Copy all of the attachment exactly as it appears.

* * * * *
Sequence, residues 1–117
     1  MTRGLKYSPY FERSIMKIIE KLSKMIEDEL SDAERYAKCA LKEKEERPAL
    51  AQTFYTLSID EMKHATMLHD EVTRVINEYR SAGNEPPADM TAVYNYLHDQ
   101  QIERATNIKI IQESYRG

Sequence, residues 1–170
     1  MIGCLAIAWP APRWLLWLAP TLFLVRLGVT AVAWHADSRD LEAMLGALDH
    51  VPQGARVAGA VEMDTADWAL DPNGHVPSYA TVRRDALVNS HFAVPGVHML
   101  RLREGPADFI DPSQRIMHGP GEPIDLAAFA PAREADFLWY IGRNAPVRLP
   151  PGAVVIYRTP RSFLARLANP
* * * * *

Sequence, residues 1–117
     1  MTRGLKYSPY FERSIMKIIE KLSKMIEDEL SDAERYAKCA LKEKEERPAL
    51  AQTFYTLSID EMKHATMLHD EVTRVINEYR SAGNEPPADM TAVYNYLHDQ
   101  QIERATNIKI IQESYRG

Sequence, residues 1–170
     1  MIGCLAIAWP APRWLLWLAP TLFLVRLGVT AVAWHADSRD LEAMLGALDH
    51  VPQGARVAGA VEMDTADWAL DPNGHVPSYA TVRRDALVNS HFAVPGVHML
   101  RLREGPADFI DPSQRIMHGP GEPIDLAAFA PAREADFLWY IGRNAPVRLP
   151  PGAVVIYRTP RSFLARLANP